Last spring, after the U.S. Supreme Court ruled that the Second Amendment guarantees an individual right to arms, Democrats hoped the decision would neutralize the gun issue. Instead the ruling, by inviting debate over which kinds of gun control are constitutional, has made the issue more salient.
That's bad news for Barack Obama, who the National Rifle Association says "would be the most anti-gun president in American history." The Democratic nominee pays lip service to Second Amendment rights while calling for "commonsense," "reasonable" restrictions. But Obama's sense of what's reasonable, while common among the left-liberal politicians and activists inside his comfort zone, may seem decidedly unreasonable to the pro-gun voters the NRA is trying to mobilize against him.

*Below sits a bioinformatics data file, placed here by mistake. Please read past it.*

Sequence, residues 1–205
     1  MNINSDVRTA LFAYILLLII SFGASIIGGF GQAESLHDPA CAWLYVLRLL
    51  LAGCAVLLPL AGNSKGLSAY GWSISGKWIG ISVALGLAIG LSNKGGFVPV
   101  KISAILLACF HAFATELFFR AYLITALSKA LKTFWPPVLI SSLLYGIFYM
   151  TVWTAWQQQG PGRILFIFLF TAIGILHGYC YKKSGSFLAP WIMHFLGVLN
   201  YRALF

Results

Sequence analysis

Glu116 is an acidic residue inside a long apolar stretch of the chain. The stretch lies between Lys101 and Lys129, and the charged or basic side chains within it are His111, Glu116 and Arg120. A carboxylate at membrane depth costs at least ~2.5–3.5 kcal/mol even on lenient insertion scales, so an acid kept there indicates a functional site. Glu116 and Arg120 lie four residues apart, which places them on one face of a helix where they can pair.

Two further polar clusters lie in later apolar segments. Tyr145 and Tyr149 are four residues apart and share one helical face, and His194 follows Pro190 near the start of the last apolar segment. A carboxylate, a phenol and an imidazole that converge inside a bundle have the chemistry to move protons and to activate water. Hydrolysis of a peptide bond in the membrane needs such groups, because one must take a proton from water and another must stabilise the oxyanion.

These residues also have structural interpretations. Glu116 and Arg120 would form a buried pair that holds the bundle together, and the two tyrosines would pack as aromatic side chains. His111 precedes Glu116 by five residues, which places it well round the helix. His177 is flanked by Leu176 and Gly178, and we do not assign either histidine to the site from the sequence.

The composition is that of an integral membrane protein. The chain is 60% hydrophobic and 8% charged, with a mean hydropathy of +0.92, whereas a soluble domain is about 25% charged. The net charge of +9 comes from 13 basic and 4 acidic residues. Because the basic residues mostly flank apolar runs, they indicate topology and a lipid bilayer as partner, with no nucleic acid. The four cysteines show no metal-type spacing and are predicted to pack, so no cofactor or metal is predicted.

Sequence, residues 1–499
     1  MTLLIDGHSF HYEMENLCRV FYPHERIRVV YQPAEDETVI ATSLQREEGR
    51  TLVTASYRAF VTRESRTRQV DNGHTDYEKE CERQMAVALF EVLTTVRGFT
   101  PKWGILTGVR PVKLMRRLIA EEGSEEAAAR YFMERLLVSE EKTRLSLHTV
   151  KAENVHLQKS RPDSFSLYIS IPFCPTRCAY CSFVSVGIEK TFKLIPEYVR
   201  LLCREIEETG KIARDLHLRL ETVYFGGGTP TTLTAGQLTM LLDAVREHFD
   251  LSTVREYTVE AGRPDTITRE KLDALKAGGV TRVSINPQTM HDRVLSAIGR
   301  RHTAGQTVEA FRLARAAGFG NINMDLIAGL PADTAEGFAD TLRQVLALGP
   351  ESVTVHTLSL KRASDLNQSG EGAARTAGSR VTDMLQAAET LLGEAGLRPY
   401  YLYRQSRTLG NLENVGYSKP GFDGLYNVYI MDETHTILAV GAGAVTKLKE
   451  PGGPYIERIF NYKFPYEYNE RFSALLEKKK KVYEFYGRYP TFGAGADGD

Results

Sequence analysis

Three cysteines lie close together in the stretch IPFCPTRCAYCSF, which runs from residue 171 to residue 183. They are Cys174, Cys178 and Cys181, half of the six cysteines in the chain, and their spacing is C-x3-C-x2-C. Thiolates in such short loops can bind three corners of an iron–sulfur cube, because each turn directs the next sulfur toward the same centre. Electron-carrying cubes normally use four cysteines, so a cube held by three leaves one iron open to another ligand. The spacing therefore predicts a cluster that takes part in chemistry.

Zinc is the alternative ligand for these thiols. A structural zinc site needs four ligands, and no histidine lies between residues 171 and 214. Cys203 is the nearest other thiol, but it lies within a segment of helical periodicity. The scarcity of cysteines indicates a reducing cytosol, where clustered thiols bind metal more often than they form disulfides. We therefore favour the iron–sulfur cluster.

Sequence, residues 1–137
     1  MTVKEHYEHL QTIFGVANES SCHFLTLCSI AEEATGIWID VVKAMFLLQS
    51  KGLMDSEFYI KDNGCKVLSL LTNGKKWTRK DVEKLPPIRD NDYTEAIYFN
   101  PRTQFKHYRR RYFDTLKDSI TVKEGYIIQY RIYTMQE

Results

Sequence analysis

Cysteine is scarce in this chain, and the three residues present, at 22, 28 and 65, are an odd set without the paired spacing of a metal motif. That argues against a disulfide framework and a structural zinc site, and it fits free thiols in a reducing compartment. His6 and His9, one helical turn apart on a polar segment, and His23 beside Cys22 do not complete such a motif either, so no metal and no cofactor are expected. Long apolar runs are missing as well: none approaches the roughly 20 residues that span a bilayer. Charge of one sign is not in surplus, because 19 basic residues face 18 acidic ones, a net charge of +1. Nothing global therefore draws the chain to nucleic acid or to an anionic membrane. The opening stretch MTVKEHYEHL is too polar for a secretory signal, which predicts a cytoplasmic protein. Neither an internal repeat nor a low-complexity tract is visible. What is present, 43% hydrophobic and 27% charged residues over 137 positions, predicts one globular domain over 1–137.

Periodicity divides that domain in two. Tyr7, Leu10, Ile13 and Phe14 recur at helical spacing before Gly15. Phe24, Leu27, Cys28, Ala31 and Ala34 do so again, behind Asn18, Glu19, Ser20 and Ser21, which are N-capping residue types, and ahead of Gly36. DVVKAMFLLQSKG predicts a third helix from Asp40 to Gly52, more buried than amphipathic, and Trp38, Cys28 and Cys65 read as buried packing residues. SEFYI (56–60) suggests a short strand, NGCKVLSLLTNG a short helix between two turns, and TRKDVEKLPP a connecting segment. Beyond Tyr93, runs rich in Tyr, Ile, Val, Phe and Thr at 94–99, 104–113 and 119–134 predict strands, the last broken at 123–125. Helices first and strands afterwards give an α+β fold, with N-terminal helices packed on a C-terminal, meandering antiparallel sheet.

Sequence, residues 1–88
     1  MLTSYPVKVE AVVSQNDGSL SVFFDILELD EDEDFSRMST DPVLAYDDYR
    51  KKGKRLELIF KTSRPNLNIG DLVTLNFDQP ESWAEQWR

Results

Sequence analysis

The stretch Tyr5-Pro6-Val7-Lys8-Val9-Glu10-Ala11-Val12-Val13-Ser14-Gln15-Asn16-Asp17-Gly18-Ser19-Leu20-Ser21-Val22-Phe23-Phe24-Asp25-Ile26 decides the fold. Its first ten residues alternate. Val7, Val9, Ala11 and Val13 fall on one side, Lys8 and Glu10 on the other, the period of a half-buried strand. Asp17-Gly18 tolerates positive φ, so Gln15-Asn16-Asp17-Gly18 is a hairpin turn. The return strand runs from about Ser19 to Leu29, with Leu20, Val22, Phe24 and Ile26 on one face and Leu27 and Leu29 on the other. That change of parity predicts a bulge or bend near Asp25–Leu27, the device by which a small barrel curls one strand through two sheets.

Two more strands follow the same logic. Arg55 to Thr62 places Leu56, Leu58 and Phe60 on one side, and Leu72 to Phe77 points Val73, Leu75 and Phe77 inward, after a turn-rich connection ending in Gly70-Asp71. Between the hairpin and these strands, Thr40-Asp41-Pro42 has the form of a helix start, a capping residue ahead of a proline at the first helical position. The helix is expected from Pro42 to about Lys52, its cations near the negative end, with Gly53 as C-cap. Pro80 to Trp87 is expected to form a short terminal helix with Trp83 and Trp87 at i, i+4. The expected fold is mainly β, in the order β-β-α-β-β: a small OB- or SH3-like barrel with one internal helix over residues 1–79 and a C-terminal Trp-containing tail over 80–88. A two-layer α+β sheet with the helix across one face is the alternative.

The specifics of Obama's views may turn out to be less important than the sense that he's an urban sophisticate who is unfamiliar with firearms and does not even understand the gun control laws he supports. In a 2004 debate, Obama explained the rationale for the "assault weapon" ban this way: "Unless you're seeing a lot of deer out there wearing bullet-proof vests, then there is no purpose for many of the guns." He thereby conflated the "assault weapon" and "armor-piercing bullet" issues, apparently not realizing that ordinary hunting ammunition can penetrate "bullet-proof vests."